Michel Verdaguer#

Laudatio by Gatteschi Dante#


Verdaguer as outstanding scientist

Following a career as secondary school teacher, assistant professor at ENS-Saint-Cloud and PhD thesis in the laboratory of Olivier Kahn, a pioneer in Molecular Magnetism, Verdaguer became Professor at University Pierre et Marie Curie-Paris in 1988. Verdaguer’s research focuses on molecular magnetism. He has developed a rational approach to new systems, hom quantum chemistry to applications, from Haldane’s gap systems to room temperature magnets (Prussian blue analogues).

His two best recognized achievements are (i) the first experimental evidence of the so-called Haldane‘s gap (energy gap between the singlet ground state of an antiferromagnetic spin S = 1 chain and the first triplet excited state, theoretically conjectured by Haldane a few years before; (ii) the synthesis of a vanadium-chromium analogue of Prussian Blue exhibiting a Curie temperature TC above room temperature. In both cases, the most important point is the rational way followed: gathering all the necessary electronic and structural conditions (control of ligand field, structure dimensionality — 1D or 3D-, as well as mastering the exchange interaction between magnetic neighbours) to achieve the expected goal. The two compounds are magnetically opposite : a singlet ground state for the Haldane gap material, a room temperature magnet for the Prussian blue analogue. This was obtained following a stepwise approach [TC = 90K (1992), 240K (1993), 315K (1995)] playing on orthogonality and overlap of orbitals to transform the well-known old Prussian blue (itself a magnet at TC =5.6K) into a room temperature magnet. Those results, and the way they were obtained, are considered as milestones in the field of molecular magnetism.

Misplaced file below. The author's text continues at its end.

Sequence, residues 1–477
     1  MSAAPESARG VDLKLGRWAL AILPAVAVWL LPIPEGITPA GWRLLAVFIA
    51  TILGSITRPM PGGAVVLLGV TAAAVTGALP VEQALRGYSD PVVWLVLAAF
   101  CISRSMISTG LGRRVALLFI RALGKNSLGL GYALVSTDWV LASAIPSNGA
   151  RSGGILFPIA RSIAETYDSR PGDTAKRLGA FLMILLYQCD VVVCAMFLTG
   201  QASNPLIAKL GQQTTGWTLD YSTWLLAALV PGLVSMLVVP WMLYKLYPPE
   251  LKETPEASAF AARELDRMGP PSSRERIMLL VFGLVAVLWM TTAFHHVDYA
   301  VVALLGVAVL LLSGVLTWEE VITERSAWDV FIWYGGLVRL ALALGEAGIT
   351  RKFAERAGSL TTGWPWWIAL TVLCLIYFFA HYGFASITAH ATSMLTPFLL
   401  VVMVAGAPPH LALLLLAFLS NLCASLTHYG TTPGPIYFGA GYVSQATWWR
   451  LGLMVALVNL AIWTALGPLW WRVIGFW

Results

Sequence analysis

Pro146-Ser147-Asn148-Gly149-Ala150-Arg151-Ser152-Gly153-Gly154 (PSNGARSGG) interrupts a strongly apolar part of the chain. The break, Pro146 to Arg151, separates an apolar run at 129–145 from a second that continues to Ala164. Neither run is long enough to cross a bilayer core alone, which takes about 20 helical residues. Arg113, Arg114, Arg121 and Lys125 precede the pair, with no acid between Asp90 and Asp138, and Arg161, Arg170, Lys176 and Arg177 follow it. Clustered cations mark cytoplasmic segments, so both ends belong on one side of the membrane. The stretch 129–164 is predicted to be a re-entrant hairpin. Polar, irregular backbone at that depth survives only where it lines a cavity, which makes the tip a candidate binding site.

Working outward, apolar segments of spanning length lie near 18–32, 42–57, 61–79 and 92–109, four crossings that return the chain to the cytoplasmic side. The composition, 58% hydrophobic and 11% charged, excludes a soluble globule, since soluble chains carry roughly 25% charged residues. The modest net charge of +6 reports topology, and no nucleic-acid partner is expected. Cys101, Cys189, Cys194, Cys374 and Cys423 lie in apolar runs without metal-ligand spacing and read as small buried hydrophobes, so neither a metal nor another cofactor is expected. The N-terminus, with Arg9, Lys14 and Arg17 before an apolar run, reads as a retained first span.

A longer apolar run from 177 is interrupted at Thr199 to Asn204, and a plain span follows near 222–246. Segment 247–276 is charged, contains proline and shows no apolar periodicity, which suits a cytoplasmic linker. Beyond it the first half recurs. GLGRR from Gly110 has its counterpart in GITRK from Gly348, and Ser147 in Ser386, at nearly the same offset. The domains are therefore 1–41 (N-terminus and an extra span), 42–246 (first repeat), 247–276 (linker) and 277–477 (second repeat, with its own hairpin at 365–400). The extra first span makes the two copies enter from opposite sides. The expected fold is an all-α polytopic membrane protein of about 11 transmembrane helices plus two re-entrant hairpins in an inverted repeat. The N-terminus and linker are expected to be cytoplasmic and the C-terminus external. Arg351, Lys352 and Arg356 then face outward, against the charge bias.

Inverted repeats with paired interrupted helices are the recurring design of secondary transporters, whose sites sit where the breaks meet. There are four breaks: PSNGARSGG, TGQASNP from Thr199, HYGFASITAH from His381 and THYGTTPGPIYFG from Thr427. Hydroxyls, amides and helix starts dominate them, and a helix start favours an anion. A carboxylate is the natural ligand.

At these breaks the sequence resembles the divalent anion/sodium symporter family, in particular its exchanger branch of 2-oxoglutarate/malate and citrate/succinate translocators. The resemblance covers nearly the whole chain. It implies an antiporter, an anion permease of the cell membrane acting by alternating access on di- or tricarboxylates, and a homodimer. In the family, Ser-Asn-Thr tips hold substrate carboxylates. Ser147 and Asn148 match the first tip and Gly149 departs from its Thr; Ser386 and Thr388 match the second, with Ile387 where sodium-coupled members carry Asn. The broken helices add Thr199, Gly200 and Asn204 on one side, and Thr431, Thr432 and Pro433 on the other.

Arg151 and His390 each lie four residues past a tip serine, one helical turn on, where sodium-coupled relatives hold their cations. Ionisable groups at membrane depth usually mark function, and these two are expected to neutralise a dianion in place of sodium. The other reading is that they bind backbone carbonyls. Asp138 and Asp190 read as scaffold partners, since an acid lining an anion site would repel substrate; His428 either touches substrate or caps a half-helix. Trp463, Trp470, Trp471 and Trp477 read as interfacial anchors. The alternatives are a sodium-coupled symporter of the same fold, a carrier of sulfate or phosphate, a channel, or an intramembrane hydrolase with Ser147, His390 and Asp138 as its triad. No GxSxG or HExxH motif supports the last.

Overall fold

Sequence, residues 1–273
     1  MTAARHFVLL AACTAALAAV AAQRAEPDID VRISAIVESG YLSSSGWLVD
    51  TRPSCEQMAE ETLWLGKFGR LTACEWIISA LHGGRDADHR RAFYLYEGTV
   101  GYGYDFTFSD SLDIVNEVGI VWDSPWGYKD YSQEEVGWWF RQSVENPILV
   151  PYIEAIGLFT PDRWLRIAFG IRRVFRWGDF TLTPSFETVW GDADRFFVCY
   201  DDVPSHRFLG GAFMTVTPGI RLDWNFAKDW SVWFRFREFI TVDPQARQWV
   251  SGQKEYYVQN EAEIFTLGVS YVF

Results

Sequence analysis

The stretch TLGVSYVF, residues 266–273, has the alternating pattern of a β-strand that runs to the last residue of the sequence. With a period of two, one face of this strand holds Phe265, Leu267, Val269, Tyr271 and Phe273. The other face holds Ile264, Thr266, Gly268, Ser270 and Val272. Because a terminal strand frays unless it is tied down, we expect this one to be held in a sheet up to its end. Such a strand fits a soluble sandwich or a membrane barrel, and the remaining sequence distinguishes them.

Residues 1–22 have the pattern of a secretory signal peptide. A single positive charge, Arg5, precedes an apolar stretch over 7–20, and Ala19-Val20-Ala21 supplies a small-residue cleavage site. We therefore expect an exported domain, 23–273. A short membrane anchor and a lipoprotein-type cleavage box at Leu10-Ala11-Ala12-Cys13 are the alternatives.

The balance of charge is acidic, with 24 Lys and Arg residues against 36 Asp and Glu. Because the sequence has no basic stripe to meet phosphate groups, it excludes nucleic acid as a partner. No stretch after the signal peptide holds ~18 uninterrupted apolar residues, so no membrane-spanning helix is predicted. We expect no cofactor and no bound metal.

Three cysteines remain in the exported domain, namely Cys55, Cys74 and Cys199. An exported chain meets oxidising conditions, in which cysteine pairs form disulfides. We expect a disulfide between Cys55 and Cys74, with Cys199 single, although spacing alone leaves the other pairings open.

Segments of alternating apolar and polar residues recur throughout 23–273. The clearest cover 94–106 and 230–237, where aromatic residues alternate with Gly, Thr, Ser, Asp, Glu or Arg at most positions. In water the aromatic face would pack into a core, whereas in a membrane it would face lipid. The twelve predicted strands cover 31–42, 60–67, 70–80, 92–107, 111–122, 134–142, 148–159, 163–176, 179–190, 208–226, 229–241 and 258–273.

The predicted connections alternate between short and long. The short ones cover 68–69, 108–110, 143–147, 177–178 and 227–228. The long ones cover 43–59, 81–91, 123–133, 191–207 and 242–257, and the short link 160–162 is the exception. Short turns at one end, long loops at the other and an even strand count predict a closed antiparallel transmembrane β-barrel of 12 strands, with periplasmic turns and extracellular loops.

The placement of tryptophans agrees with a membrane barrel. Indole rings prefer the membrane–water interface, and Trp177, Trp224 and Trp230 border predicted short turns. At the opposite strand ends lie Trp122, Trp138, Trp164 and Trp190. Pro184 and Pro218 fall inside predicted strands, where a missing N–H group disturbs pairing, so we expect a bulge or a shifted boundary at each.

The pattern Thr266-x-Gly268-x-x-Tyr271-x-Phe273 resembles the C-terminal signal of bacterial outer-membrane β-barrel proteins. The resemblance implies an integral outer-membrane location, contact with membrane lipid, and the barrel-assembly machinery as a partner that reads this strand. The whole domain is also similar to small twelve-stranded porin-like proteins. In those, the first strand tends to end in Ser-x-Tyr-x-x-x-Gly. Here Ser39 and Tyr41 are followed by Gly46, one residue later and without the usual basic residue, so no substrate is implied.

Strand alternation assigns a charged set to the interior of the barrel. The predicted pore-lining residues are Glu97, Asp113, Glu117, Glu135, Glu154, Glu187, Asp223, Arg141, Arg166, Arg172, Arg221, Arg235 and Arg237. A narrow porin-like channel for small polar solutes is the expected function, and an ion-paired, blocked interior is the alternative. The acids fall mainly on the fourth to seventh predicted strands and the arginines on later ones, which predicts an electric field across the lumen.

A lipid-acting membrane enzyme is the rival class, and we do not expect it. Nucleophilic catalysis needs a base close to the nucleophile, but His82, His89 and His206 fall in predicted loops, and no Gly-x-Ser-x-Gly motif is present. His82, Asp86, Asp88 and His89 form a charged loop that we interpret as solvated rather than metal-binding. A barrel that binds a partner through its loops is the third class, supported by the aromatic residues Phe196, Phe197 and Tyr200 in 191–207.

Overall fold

This rational approach began with very simple systems, copper(II) binuclear systems, one-dimensional homometallic materials of various spins, including S = 1, hetero-bimetallic chains (a premiere, 1981), bimetallic molecule-based magnets (another premiere, 1988), molecule-based magnets up to room temperature and then more complex multifunctional systems, combining two different valuable physical properties: photo-magnetic molecules and magnets (transforming magnetism by light, also some premieres 2 first photo-magnetic molecule, 2003, first transition hom diamagnetic to ferri-magnetic phase, 2001) and chiral magnets with the recent premiere on recording magnetic chiral dichroism (the presence of Faraday effect –magnet- and Cotton effect - chirality- leads to a third property, at the second order, magnetochiral dichroism). Verdaguer is now engaged in obtaining multiferroics, materials combining ferroelectric and ferro-magnetic properties.

Verdaguer as key intermediate for the wider scientific community

His activity on synthesis and characterization was supported by his strong commitment to X-ray Absorption spectroscopy at the french synchrotron radiation laboratory, LURE, where he was beam line scientist, In this capacity, he invited many European scientists to work on his beam line. He was member of the scientific committee of LURE and Soleil, the new French synchrotron facility and contributed to define the characteristics of the new machine, now in successful operation. He also developed a rational approach, especially to XANES using symmetry theory, and XMCD using exchange interaction concepts, Several scientific premieres can be also noted in this field.

Verdaguer as successful textbook author